US evangelical groups are increasingly shaping Uganda’s development policies to suit their religious agenda.
Uganda plans to send more than 240 of its health workers to the Caribbean despite criticism and the threat of an aid cut.
The plan to transfer at least 241 Ugandan health workers to Trinidad and Tobago has already been met with fierce criticism inside the East African nation.
Officials have said the scheme is merely part of Uganda’s bilateral cooperation with Trinidad and Tobago, from which Uganda has also benefited – with aid such as oil and gas industry training and financial support for its police.
Last week, Alexander De Croo, Belgium’s cooperation minister, said his country was suspending a transfer of development money destined for Uganda’s health sector.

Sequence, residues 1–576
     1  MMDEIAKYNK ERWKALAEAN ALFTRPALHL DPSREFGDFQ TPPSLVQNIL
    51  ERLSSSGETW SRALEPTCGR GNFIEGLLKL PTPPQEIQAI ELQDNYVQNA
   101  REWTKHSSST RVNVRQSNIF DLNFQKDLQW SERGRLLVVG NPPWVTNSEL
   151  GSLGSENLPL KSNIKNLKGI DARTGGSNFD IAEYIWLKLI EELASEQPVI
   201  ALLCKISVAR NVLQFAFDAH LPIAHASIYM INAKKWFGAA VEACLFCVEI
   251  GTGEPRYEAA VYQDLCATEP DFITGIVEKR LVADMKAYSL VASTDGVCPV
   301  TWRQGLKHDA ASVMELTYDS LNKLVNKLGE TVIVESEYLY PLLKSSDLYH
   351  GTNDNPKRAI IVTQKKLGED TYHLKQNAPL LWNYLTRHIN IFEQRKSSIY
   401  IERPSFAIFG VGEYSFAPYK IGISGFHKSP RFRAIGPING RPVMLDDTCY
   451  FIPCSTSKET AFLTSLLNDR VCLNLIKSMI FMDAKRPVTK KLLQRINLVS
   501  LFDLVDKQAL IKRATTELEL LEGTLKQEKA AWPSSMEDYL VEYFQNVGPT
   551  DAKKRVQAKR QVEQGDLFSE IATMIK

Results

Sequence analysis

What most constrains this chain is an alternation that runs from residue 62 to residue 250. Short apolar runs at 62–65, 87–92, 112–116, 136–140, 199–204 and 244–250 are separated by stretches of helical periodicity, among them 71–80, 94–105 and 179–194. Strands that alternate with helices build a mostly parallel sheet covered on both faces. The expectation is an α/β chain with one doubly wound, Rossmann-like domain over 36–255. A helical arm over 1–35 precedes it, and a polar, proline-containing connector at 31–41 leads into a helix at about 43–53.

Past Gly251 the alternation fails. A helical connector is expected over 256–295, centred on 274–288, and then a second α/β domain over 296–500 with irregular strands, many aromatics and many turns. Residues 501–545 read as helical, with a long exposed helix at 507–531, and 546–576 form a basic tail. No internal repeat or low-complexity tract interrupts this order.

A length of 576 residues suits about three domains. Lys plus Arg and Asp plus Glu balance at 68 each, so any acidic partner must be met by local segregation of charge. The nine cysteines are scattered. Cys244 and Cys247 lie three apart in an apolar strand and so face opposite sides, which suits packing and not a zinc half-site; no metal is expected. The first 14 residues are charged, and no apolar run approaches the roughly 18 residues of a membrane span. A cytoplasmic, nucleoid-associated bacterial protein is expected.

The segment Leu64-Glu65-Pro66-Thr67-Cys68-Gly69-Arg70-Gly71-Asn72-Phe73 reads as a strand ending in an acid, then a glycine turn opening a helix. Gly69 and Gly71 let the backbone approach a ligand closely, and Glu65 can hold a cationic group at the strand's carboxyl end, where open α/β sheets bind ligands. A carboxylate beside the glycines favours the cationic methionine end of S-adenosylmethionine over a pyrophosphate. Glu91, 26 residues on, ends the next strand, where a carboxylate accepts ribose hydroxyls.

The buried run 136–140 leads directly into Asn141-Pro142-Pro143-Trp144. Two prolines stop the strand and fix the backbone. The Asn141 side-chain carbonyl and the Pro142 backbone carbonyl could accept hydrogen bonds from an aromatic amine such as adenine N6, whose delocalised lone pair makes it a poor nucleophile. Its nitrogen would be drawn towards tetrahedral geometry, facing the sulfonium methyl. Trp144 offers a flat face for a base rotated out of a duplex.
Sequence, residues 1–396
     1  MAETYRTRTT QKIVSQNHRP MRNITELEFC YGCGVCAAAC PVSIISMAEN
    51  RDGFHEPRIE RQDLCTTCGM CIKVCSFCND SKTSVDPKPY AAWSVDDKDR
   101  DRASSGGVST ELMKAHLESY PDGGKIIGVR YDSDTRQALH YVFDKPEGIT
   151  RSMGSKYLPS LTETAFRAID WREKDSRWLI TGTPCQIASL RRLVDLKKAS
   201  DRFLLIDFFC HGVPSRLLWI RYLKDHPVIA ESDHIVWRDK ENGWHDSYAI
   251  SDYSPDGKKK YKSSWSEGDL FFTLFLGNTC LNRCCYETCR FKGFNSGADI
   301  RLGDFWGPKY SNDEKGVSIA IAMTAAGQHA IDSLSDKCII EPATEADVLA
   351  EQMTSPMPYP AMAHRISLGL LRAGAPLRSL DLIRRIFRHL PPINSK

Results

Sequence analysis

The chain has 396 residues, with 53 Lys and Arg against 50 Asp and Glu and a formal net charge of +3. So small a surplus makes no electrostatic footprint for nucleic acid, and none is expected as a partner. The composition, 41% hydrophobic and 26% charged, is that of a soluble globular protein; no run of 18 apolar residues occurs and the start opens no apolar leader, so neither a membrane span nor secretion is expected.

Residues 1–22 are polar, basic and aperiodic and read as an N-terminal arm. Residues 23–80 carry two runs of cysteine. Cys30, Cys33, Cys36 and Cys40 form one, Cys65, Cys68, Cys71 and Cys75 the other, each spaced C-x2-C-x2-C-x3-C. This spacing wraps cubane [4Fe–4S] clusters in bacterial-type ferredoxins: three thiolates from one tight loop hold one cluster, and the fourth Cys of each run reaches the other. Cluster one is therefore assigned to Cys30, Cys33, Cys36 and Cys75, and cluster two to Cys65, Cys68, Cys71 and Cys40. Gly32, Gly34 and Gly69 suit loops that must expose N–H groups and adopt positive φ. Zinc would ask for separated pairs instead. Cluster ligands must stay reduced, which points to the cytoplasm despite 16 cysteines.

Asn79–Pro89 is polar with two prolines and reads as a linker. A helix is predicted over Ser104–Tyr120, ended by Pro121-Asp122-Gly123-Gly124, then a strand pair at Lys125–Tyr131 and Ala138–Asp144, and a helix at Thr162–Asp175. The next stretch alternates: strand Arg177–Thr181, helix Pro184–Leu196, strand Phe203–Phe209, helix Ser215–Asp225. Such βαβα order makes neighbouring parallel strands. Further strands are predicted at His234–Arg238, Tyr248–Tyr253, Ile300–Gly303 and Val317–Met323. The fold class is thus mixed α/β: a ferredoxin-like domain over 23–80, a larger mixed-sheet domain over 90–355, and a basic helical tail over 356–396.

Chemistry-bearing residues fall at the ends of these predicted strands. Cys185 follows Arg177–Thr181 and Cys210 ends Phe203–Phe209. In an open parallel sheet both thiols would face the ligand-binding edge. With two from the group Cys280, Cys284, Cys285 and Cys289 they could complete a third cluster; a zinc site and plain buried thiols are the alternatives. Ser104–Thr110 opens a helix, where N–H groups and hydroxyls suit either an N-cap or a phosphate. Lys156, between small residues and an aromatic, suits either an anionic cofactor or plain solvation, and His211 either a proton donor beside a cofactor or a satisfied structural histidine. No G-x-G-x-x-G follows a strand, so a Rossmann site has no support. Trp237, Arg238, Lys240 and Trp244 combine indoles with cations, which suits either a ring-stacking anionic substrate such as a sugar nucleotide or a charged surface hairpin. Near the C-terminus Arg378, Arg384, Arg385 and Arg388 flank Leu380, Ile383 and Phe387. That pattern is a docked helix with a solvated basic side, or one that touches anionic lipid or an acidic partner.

He said the expatriation of the health workers – branded by activists in Uganda as a state-sanctioned brain-drain – “would considerably weaken Uganda’s health system”.
The government scheme has already been criticised by the US, which gives $400m in aid to Uganda’s health sector every year.
“It is extremely premature for the Belgians to cut aid,” Fred Opolot, Ugandan Foreign Ministry spokesperson, told AFP news agency.
“If they engage us, we can enlighten them on what formed our decision. We believe they will reverse their decision.”
Opolot said the export of health workers was “a good policy for the medical fraternity in Uganda”, saying it would also “address the unemployment problems”.
However, the Institute of Public Policy and Research (IPPR), a Ugandan think tank, is challenging the expatriation and seeking a court injunction to block what it has blasted as a violation of the right to healthcare.
Activists in Uganda, plagued by a shortage of doctors, nurses and dentists, argue that more people will die needlessly if the plan goes ahead, stressing that Trinidad and Tobago has a doctor to patient ratio that is 12 times better than Uganda’s.